If he had been a veteran of another war he probably would’ve received The Commonwealth countries’ highest military honour for bravery – The Victoria Cross. He had carried his severely injured comrade over his shoulders and had run at double pace in order to ensure that “no man was left behind.” Any other war he would’ve come home a hero, but on his return he was called many names; murderer, child-killer, Imperialist Puppet. He hadn’t served for fame or glory, he had done his job, he had served his country, and had followed orders. He and his fellow soldiers were shunned and he had to hide the specialness of his training, and he learnt how not to talk about sensitive subjects.
It was difficult fitting into a peace-loving society when you had been trained to channel your propensity for violence into your bread and butter work. The aggression still needed an outlet and society was not too receptive of this. He rediscovered football and was able to divert his rage into victorious feats of gallantry. He became a trusted team-mate and was able to translate this into a successful coaching career, allowing his leadership skills to flourish.
His teams did well, and he won many accolades, but the hurt inside continued to need suppressing. He swallowed it deeper and deeper, until he had almost forgotten it, almost. Life had its ups and downs, success on the field, was not always reflected in his significant relationships off the field.
He had received the worst news just prior to being admitted into hospice. As with all the other bad news, he took it like a man. Face to face, without flinching or reacting, there would be time for that later in private. In public he had to represent his team, his unit, he had to be the hardest of weapons. They had told him that he only had three days left to live.
His face betrayed nothing, his training kicked in. Name, Rank, Serial number, don’t allow them to get any other information. Nothing can affect you, you are a rock. You have to be steady. Inside the facade were many mixed emotions; despair, rage always rage, and relief. Thank goodness there are only three days left, the last months have been terrible, I didn’t think I could take any more of this torture. Three days I can handle.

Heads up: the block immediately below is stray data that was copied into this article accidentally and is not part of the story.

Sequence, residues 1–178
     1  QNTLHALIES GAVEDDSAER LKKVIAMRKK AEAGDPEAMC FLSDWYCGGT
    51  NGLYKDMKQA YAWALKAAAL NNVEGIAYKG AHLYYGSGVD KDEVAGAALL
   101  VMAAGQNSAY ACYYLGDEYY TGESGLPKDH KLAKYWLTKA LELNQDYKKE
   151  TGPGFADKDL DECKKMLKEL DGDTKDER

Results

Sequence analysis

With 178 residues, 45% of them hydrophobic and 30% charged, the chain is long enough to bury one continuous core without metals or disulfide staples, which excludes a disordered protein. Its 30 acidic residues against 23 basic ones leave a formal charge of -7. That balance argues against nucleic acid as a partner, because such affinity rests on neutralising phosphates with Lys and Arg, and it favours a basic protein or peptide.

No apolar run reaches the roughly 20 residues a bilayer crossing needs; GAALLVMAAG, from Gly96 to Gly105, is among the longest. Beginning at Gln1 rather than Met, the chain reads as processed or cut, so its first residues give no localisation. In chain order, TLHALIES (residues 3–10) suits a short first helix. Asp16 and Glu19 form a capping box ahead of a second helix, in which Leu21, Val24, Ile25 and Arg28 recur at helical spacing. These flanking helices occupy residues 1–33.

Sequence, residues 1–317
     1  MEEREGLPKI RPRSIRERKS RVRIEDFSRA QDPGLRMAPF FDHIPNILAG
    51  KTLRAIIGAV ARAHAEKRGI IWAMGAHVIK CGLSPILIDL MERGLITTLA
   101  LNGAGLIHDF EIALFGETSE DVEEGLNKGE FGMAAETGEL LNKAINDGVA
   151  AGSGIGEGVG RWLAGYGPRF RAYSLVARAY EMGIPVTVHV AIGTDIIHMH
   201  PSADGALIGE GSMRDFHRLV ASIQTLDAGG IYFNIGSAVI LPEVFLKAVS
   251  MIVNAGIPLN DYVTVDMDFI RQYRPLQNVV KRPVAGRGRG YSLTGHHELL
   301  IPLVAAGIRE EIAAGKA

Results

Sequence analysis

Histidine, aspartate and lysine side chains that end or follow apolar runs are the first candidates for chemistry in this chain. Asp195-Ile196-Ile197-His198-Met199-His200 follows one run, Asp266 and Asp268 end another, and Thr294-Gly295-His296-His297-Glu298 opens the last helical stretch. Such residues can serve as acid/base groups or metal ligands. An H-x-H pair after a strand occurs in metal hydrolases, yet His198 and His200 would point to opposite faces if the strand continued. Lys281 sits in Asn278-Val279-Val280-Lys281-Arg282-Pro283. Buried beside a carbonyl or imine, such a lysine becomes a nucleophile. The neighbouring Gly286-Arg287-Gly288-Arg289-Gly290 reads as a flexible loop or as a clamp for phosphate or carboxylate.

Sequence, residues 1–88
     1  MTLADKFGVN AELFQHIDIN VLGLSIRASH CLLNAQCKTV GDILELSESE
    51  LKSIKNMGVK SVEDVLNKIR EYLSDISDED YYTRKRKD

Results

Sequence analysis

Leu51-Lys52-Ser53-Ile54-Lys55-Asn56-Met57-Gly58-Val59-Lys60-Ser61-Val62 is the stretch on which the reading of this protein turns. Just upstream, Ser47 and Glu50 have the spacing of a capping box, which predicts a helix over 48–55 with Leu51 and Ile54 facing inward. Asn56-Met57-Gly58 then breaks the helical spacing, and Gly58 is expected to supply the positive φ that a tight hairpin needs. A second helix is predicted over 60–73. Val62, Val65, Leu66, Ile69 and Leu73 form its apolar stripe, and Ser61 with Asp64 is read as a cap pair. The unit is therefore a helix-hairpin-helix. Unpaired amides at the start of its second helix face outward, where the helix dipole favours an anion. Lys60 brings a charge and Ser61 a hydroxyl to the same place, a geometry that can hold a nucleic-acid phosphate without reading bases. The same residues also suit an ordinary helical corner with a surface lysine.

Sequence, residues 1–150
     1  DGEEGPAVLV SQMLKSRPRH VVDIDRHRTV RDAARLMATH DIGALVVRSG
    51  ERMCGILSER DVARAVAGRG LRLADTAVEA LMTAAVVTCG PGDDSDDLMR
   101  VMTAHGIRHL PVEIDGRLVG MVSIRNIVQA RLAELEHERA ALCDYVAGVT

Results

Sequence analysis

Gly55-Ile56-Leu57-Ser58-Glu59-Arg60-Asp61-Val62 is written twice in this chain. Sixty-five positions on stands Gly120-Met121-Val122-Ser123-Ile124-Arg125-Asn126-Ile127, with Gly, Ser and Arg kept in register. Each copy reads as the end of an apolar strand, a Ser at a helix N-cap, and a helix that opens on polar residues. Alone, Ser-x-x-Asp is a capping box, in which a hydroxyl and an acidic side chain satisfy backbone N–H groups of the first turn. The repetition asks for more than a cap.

He went into his hospice room and made his mind up that he would never leave it again. Sure he had pain, but he could take pain. What he couldn’t handle was what he had never been able to talk about. Not to the priest, not to the doctor, not to his first, second or third wives. Forbidden territory, land-mined and protected, to be kept away from. No-one can ever know. Three days and I will be free from the prison of my broken body. I just have to hold it together, for three days.
Day one did not feel any different, well actually he felt a bit better as the new pain relief that had convinced him to try must have done something. He actually slept a bit better, and could move his leg without pain sometimes. Only two more days to go.
Day two, his unit members came to visit, including the chaplain, to pay their last respects. It was always good to see the guys, but this would be the last time, he said his goodbyes and did not let on that he would miss them. Stiff upper lip protocols, no feelings shared, that’s all the training allowed for. You couldn’t afford to get emotional when you are fighting for your life. No distractions allowed.
Day three. When is it going to happen? This morning, in the afternoon? I still feel the same, no different to the other days. People aren’t treating me any differently, I thought they would be…